Most bike shops, coaches, athletes, and medical professionals tend to agree that a good bike fit is a good thing. This is great news. Well, my grandmother used to think eating brussel sprouts would make me tall like my older cousin. This didn’t work out so well.
The information age is a powerful force. There are certain things we have learned, or have theories about, which have been tested over and over by independent peer reviewed journals. Most professionals reference these articles from time to time and tend to use new research to guide programs for their athletes and patients. There is also a huge boom in the amount of trash out there. The rise of the Internet has given anyone with an email address the right to advertise their new supplement. They claim everything from taking 10 pounds off of your body to raising the dead. Such claims aren’t regulated by anyone, so most manufactures run like crazy with this. I’d like to help you separate “industry buzz” from the real thing.
As a physical therapist, I can tell you that cycling takes its toll on the body. You do a fairly limited range of motion over and over and over again for thousands of miles a year. If things are lined up properly on the bike, and you are careful and follow a smart training program, you’ll maximize efficiency and prevent injury. When things are “off”, we wind up with imbalances that manifest themselves as injury. Injury is a whole other topic for a latter time. The other problem we wind up with is poor efficiency. Proper knowledge and equipment, like that found at the SPEED Clinic, goes a long way towards accomplishing a goal of optimal fit.
I’d like to summarize a paper that was published in a peer-reviewed, independent journal. Asker Jeukendrup and James Martin wrote “Improving Cycling Performance: How Should We Spend Our Time and Money”. The authors wanted to quantify the effects of various cycling factors to see which was most beneficial from both a time and cost standpoint. In this study they use simulated “models” to arrive at their predictions. Since they aren’t comparing apples to apples and oranges to oranges, the mathematical models allow them to base time gains on previously established research findings (from independent, peer-reviewed journals). Instead of just saying, “bike fit helps”, the authors sought to quantify exactly how much help a cyclist gets with a given alteration in their program. If you ride for Discovery Channel, you can skip the rest of this, as your cycling resources are unlimited. However, if you are a cyclist balancing riding, school, wife, kids, girlfriend, busted radiator, food, and time at the dog park – read along. They examined both Internal and External Factors as shown below:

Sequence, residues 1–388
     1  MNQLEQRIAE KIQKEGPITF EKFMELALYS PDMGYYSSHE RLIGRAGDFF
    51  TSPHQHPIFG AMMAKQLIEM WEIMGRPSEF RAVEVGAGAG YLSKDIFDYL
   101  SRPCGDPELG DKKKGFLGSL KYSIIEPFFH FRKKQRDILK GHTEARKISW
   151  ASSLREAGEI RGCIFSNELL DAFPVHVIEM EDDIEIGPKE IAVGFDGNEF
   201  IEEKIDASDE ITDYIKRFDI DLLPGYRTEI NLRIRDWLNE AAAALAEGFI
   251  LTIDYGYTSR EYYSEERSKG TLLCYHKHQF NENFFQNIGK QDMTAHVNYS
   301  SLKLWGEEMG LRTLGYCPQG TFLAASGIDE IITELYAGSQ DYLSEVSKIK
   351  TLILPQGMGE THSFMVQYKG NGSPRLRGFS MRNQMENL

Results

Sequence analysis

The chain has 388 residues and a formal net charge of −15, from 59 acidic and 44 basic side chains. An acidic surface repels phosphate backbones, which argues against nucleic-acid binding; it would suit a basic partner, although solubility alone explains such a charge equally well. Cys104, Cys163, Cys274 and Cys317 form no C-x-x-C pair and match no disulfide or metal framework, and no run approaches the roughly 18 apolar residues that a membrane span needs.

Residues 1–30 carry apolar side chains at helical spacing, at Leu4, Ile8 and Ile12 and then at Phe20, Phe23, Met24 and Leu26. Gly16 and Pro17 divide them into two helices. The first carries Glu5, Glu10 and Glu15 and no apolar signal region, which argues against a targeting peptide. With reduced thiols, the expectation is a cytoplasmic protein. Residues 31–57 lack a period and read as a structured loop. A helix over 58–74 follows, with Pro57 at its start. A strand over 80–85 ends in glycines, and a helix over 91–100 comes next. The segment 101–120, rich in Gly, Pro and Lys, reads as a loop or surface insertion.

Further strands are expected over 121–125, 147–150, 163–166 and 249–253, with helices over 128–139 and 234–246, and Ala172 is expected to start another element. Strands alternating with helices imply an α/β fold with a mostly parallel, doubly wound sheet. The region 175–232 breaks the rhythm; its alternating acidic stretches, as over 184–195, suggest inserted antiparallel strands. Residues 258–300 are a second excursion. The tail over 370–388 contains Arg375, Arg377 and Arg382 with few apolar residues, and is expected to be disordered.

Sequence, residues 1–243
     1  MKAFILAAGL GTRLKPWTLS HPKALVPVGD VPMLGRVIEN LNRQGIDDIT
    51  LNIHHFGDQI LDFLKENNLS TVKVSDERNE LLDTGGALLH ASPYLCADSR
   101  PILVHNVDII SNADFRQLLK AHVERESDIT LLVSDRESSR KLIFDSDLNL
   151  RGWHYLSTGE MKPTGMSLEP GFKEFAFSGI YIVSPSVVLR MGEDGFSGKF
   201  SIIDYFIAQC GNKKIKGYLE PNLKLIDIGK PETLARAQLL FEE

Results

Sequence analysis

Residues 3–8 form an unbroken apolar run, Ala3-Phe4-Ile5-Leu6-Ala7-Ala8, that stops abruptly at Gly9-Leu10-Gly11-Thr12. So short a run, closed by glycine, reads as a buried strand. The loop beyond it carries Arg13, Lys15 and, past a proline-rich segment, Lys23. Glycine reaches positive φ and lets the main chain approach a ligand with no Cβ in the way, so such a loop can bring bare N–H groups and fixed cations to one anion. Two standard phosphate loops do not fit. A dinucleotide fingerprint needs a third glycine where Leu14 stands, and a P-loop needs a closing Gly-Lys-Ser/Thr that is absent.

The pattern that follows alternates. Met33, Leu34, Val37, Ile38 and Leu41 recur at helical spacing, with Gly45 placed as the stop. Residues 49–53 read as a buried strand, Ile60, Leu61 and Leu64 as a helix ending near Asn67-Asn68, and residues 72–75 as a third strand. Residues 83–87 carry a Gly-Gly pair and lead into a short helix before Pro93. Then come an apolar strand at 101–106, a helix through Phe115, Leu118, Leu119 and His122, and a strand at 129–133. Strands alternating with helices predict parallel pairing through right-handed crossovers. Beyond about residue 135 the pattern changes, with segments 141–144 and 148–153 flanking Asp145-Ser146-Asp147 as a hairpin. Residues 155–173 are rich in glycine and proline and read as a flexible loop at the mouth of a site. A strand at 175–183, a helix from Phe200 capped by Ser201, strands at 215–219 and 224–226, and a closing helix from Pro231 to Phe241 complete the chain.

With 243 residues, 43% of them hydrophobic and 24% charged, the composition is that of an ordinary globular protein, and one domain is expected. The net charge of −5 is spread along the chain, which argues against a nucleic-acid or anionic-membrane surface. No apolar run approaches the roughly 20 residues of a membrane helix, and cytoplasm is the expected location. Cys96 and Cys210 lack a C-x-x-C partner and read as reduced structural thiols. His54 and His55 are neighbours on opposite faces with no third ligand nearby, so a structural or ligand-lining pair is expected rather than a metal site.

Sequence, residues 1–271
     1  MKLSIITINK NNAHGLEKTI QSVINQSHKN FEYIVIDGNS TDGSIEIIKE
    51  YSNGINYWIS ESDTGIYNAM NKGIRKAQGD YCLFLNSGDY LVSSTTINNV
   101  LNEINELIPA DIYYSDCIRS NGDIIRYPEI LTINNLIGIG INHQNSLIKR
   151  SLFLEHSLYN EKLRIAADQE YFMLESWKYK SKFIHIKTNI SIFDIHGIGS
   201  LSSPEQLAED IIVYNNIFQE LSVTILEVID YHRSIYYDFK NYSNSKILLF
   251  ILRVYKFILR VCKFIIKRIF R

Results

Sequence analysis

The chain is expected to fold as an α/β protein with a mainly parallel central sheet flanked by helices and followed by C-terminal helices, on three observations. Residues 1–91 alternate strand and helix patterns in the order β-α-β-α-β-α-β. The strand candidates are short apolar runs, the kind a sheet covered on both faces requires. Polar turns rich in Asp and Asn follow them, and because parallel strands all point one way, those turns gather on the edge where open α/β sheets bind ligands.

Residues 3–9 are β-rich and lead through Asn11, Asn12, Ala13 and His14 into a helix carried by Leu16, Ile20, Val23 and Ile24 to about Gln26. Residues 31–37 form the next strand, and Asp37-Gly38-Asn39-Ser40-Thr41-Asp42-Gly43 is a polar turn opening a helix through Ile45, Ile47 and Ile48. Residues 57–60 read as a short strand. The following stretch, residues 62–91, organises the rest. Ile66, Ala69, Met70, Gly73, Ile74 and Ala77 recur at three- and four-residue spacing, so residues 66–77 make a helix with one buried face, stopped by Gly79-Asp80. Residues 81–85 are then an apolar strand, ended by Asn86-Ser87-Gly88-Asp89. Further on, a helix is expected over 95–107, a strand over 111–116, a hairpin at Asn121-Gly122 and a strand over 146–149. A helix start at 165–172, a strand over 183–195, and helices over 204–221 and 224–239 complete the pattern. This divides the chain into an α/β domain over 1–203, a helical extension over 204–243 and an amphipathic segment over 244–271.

|Factors Changed||Time Savings Observed in 40K TT|
|Altitude Training||23-34 seconds|
|Body Position||2-2.5 minutes|
|Aerodynamic Wheels||60-82 seconds|
|Wheel Weight||10-72 seconds(grade dependent)|
|Body Mass||19-25 seconds (rolling TT course)|
|Bicycle Mass||5-13 seconds (rolling TT course)|
You can see that the old adage holds true – there is no substitute for training. Period. Got it? Yes – you have to ride you bike. And you have to ride smart. Lots of base, properly periodized training plan, intervals, and a good taper all add up to good performance on race day. Aside from training, this article offers some interesting findings on where we should concentrate our efforts. Bike fit is key. Its free speed. Faster at less effort and more biomechaincally sound. It’s a win-win all around for the time and money you’ll invest and performance gained. Also – it’s a benefit that is there every time you get on your bike. You are always reaping the benefits of training in the most optimum position. It is very different then spending 800 dollars on a pair of wheels you only get the benefit from 5 or 6 days a year.
At the SPEED Clinic, we use a whole lot of technology, knowledge, first hand trial and error, experience and common sense to achieve the most optimum fit for you – not a formula out of a book. Weather you choose the standard bike fit, or the 3D bike fit, you are a whole lot closer to achieving your optimum performance now.
I encourage you to check out the full article if you want more information:
Jeukendrup, A.E., and Martin, J. Improving Cycling Performance, How Should We Spend Our Time and Money? Sports Med; 31(7):559-569
Give us a call if we can help you. Keep pushing the limits-